Colligative properties are a collective group of properties unique to solutions. They are solely dependent on the number of solute molecules present in the solvent; effectively the solute:solvent ratio. Introduction of solute to a pure solvent will effectively lower its freezing point.
Freezing point depression describes the phenomena in which adding solute to a solvent or the mixing of two solids results in the lowering of the freezing point of the solvent or original solids. At the freezing point, molecules pass between the two phases at equal rates. When a solute is introduced to a liquid solvent and its solid in equilibrium, the solute effectively reduces the mole fraction of the liquid solvent. This change decreases the tendency of the molecules to escape from the solvent phase, not only into the air as gas, but into the solid phase. The introduction of a solute does not affect the escape of molecules from the solid into liquid or gas. Therefore, the system is no longer in equilibrium and the solid will begin to melt. To prevent the solid from melting, the temperature should be lowered. This not only prevents the solid from melting, but also lowers the escaping tendency of the molecules from the solvent. Therefore, at a new lower temperature, there exists a temperature where the two materials can coexist in both phases in equilibrium.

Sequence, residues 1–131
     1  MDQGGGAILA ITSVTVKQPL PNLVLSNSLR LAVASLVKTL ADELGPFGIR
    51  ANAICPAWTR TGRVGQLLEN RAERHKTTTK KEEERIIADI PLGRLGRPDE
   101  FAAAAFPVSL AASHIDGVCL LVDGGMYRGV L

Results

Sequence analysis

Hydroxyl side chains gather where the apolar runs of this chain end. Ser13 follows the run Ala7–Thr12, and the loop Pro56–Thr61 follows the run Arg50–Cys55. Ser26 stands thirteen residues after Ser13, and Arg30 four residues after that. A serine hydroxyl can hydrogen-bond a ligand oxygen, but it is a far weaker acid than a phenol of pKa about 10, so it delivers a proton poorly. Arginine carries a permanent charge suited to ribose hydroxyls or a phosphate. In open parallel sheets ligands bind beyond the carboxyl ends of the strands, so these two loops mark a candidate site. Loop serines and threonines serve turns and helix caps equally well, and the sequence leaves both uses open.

The freezing point depression can also be explained in terms of vapor pressure. Addition of solute to a solvent will essentially dilute the solvent molecules, and according to Raoult's law this leads to a decrease in vapor pressure. Considering the fact that the vapor pressure of the solid and liquid forms must be the same at freezing point (or else the system would not be at equilibrium), the lowering of the vapor pressure leads to the lowering of the temperature at which the vapor pressures of the liquid and frozen forms of the solution will be equal.
The freezing point depression can be calculated by the formula: